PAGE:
European Law and Competition

European Law and Competition

TELLLES' European Law and Competition team is integrated by highly qualified lawyers who have extensive experience in providing specialised legal advice to national and international companies in all areas of European Union Law and Competition Law, either independently or together with teams such as of Digital, Finance, Tax, Public and Corporate and Labour.
We represent our clients before administrative bodies, such as the Competition Authority and sector regulators, the European Commission; and judicial bodies, such as the Competition, Regulation and Supervision Court and the courts of the European Union (“EU”).

In European Union law we advise on, for example:

  • The application of fundamental economic freedoms (freedom to provide services, free movement of workers and of capital, as well as freedom of establishment) and the analysis of Foreign Subsidies and Foreign Direct Investment;
  • The scope of various policies that are shared competences between the EU and national (and regional) authorities;
  • The application of the EU Charter of Fundamental Rights and public policies;
  • Various matters with cross-border implications, from Finance to Labour law;
  • EU legislation on trade restrictions for embargoed third countries (such as Russia).

Our team provides legal services based on a twofold perspective:

  • Preventive - in a variety of situations as wide-ranging as participating in the early stages of the legislative process regarding a piece of legislation that has an impact on undertakings (or associations of undertakings) and which can include advising public bodies on its future application;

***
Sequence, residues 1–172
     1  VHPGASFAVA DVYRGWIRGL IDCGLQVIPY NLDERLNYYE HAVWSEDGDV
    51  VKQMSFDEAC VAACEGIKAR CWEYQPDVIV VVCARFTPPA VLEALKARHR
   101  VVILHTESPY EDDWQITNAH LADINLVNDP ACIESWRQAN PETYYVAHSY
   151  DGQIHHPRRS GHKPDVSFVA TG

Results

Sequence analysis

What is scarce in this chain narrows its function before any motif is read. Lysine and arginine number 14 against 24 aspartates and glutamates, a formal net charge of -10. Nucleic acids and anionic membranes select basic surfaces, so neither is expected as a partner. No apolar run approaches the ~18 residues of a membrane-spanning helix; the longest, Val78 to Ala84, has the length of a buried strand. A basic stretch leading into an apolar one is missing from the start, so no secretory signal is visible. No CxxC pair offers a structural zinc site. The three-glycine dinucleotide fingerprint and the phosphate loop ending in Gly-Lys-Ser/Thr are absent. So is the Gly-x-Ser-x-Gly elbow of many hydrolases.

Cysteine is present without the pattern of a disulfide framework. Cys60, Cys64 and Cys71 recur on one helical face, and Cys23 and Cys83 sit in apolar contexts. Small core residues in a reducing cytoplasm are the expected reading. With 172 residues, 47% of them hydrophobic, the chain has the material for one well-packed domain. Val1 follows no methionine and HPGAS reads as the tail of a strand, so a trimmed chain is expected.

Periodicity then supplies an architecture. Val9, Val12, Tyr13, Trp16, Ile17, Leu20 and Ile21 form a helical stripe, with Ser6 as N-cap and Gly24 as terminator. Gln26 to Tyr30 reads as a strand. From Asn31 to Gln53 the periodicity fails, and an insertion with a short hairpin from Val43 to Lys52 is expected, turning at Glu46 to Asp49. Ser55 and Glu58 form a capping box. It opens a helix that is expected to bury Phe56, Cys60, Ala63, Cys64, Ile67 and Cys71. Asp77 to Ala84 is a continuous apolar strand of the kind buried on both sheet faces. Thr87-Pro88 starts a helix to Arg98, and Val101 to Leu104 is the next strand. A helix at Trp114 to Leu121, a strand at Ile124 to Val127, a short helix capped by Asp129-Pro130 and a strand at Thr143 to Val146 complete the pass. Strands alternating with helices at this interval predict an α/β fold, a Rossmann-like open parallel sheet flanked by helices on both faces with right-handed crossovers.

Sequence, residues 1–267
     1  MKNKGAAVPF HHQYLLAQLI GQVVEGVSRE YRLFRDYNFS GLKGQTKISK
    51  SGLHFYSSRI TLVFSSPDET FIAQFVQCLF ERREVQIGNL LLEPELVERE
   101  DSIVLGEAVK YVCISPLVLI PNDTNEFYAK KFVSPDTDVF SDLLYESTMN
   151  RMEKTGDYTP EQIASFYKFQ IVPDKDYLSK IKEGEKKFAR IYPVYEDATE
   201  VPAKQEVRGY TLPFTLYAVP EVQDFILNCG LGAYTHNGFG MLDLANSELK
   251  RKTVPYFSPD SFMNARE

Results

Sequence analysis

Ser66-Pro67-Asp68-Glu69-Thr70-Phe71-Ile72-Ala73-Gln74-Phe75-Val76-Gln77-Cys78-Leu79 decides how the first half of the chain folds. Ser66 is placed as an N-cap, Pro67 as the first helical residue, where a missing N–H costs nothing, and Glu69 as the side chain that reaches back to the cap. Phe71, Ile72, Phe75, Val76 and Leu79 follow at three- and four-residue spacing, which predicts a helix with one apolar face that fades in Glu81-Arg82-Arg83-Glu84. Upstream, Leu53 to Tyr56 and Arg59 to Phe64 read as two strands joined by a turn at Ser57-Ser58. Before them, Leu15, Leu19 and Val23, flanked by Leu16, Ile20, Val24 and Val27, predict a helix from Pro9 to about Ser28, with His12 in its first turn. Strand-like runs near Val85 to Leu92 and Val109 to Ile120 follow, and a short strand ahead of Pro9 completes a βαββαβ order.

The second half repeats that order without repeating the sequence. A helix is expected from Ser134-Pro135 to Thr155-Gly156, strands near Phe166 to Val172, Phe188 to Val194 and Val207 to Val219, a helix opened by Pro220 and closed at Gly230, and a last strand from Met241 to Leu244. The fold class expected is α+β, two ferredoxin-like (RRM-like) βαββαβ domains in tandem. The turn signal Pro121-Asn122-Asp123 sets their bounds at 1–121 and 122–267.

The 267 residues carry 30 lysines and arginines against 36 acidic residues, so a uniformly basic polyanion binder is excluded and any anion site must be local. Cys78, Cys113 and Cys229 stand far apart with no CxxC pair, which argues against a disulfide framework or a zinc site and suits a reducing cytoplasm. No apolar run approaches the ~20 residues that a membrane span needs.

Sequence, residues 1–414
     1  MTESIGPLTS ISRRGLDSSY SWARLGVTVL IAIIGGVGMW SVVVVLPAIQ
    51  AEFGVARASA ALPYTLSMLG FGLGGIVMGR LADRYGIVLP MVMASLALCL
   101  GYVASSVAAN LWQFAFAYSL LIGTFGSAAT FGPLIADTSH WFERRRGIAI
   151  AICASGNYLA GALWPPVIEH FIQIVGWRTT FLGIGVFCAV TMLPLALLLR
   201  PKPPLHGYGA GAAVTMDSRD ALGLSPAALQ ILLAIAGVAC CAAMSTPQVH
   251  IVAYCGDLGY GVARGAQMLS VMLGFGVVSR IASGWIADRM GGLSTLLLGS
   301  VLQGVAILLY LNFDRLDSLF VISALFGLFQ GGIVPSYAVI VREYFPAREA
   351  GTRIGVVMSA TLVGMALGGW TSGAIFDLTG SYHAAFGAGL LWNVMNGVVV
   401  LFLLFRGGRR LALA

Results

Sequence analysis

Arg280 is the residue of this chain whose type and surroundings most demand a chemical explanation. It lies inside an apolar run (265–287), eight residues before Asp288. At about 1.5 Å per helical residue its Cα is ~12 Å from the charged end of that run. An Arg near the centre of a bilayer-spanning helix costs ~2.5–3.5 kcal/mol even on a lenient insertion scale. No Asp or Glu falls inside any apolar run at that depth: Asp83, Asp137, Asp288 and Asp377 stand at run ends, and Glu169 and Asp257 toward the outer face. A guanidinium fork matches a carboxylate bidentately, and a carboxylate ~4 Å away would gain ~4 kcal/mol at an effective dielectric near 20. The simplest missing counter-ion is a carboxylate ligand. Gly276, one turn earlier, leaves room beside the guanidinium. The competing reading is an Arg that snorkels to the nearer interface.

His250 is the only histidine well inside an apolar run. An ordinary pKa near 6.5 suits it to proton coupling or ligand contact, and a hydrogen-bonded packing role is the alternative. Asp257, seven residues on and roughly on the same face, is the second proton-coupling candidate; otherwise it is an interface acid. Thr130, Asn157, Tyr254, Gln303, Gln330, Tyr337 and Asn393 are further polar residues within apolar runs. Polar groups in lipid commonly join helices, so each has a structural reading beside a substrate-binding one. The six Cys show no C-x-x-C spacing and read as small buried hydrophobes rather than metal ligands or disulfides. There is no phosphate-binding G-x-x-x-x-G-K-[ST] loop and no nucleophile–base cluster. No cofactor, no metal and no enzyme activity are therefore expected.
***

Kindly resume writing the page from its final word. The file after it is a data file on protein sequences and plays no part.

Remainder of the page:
• Reactive - in administrative or judicial proceedings by advising and representing clients before the competent authorities.

In Competition Law, we advise primarily on:

  • Merger control and all advice relating to a transaction from the outset, such as the format of the transaction and, if applicable, the fulfilment of the condition precedent, the admissibility of non-compete and non-solicitation clauses and admissibility of certain competition restrictions raised in the context of due diligences;
  • Agreements and concerted practices between undertakings susceptible of unduly restricting competition, with emphasis on analysing horizontal and vertical agreements;
  • Decisions by associations of undertakings (including in the form of "recommendations" to members) and the functioning of associations, particularly in terms of collecting and disseminating information from members;
  • Abuses of dominant position and of economic dependence;
  • Distortions of competition caused by the State (including certain state aid);
  • Individual practices restrictive of trade.
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